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Notes on video lecture:
1910s/1920s: Modern Women
Choose from these words to fill the blanks below:
bindings, subordinate, pregnant, urbanization, saloon, crushing, Chinese, factories, contraception, flapper, walk, zenith, legal, Sanger, birth, traditional, consumerism, missionaries, Djakarta
19th century
traditional roles
almost all women were in                        roles
womens' role may have been just as important as mens' but from a            point of view, women were                       
lack of rights to vote
lack of rights to own property
China
foot                  were for women a mandatory custom for upper class women
from childhood                  their feet
they could not          like men
19th century some reaction against it from                          and Chinese
political rights
why in the 19th century and not in the 18th?
late 19th century: liberal ideas reaching a              in Europe and United States by 1860s/1870s
former slave movement
many people who were active for getting rights for slaves also were pro-rights for women
not just a matter of principal but to protect themselves
why in the 19th century, what's changing?
big cities,                         , construction of saloons
on a farm, a husband didn't have a              to go to, now he did, many man wrecking families, women needed to protected themselves
women wanted to ban or restrict the sale of alcohol
protect their working conditions from industrial abuse
origins of modern feminism
1910s, 1920s
emancipation
           control
in addition to political rights, they are talking more and more about emancipation
from being locked into traditional roles
they want an independent lifestyle
the right to control if they get                  and have children
Margaret              (1879-1966)
American birth control activist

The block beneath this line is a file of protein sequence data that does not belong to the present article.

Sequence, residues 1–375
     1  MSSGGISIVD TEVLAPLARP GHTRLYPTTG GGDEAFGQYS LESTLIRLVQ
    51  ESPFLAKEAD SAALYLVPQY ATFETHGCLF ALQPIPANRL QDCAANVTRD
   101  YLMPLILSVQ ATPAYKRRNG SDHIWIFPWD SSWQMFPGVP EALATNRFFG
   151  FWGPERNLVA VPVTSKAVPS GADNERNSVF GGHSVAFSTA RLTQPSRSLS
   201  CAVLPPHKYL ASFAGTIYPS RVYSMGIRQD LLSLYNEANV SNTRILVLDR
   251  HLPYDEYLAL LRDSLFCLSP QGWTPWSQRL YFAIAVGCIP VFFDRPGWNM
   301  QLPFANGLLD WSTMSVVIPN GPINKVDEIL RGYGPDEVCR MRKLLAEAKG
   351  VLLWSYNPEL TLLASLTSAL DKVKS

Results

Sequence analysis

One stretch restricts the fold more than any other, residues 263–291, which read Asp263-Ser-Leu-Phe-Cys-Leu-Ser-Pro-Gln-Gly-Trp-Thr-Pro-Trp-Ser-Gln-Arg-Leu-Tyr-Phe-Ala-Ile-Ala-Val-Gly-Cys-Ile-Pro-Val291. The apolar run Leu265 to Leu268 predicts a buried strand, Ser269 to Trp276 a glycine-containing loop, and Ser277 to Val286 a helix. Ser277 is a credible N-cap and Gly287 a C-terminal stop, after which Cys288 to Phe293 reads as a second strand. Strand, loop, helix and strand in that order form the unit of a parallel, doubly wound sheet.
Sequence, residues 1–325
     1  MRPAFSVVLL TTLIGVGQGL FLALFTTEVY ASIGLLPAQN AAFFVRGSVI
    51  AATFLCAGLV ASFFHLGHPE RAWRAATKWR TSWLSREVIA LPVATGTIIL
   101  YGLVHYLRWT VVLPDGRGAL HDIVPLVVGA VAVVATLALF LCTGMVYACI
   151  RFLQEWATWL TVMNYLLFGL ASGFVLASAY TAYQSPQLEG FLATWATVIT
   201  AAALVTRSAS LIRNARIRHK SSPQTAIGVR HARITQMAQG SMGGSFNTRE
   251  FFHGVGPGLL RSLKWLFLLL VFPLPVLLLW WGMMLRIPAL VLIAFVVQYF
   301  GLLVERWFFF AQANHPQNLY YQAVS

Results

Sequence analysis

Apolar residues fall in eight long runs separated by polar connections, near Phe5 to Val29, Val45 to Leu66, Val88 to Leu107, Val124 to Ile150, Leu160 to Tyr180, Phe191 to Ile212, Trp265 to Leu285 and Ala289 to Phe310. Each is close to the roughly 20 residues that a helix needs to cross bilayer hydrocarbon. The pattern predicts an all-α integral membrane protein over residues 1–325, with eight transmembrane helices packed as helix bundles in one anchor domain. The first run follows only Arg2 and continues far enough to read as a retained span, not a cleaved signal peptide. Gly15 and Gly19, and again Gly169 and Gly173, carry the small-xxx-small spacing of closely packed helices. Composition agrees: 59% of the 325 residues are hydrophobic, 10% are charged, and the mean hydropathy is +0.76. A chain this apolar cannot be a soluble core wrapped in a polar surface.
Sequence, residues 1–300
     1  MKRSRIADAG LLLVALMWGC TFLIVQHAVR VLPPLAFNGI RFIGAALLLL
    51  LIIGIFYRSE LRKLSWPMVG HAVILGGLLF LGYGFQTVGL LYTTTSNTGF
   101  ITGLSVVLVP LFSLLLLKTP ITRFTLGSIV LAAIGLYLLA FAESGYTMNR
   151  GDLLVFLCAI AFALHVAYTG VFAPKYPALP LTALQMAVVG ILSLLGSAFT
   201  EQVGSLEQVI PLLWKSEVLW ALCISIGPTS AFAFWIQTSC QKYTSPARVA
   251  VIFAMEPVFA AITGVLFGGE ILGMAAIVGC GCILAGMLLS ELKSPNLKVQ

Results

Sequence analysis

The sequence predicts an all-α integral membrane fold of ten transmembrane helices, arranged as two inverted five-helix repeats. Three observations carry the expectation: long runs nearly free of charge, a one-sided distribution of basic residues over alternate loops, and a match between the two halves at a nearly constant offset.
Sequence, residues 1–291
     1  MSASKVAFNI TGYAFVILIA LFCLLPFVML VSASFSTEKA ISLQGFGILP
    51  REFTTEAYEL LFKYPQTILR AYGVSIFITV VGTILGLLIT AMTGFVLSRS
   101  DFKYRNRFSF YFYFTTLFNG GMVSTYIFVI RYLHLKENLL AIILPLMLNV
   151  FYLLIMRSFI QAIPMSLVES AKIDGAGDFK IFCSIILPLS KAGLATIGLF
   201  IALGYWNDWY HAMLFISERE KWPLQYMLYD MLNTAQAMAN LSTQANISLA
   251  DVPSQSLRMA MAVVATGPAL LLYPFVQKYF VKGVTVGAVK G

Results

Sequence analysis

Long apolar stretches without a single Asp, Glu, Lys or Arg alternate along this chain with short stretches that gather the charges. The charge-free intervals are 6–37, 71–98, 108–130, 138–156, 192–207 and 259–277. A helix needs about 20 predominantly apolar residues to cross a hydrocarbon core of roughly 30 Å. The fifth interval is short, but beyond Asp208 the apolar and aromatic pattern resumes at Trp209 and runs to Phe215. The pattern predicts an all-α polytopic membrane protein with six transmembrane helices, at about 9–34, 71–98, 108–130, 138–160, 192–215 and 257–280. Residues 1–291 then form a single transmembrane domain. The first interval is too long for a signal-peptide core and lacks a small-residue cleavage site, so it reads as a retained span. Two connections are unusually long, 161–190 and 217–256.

nurse
popularized the term "birth control"
helped legalize                           
1916: opened the first birth control clinic
was put on trial for talking about the subject of birth control
equal opportunity
society has changed, women find themselves in new roles, they are trying to adjust the social expectation of women to match
American modern girl, i.e.               
modern girls are showing up in other countries as well
Chinese adapting Western styles in traditional                ways
cities that are bridge points of East and West, where these styles are communicated
Tokyo
Shanghai
Saigon
                
women in these places are trying out new life styles, clothing styles, and activism
modern girls are very much about                       : perfumes, cars, cigarettes, fashions
Soviet Union had campaigns in reaction against this new consumerism girl
Soviet communism promoted itself as being about womens' liberation as well, but not in the sense of liberated Western women who were very much about consumerism: perfumes, cars, cigarettes, fashions. Soviet women were liberated in the sense of being allowed to work in                    alongside their male comrades.
1914: Schizophrenic Germany
1914: The Balkan Whirlpool
1914: From Balkan Crisis to War
1914-1916: All War Plans Fail Horribly
The 1916 Missed Opportunity for Peace
WWI Pushes Warring Countries Toward Total States
Why the Allies Won World War One
Post-WWI: Filling the Void of Collapsed Empires
Post-WWI Communism vs. Anti-Communism
Post World War I: The Age of Uncertainty
1910s/1920s: Modern Women
The World of 1930
The 1930s World Crisis
1930s: The Decade of Contingency
America's Entry into World War II
WWII: Strategies for Total War
1945: Hour Zero
Post WWII: Imagining New Countries
Conflicts in Postwar Nation Building
The Two Europes That Emerged After WWII
1947 China: Undesirable Communists vs. Flawed Nationalists
Post WWII: The Age of America
Reasons for the Korean War
How WWIII was Avoided in the Korean War
1950-1952: The Cold War Comes to Main Street
1950-1954: The H-Bomb and the Nuclear Revolution
1950s: Loosening Empires and Building Confederations
The Emergence of the Third World
1958-1962: The World at the Brink
Third World Proxy Wars of the 1950s and 1960s
Managerial States and the Transnational Disruption of 1968
1970s Obstacles to Reducing Cold War Tensions
1970s Democratic Socialism Becomes a Non-Choice
1980s Political Polarization
1980s: Global Capitalism Transformed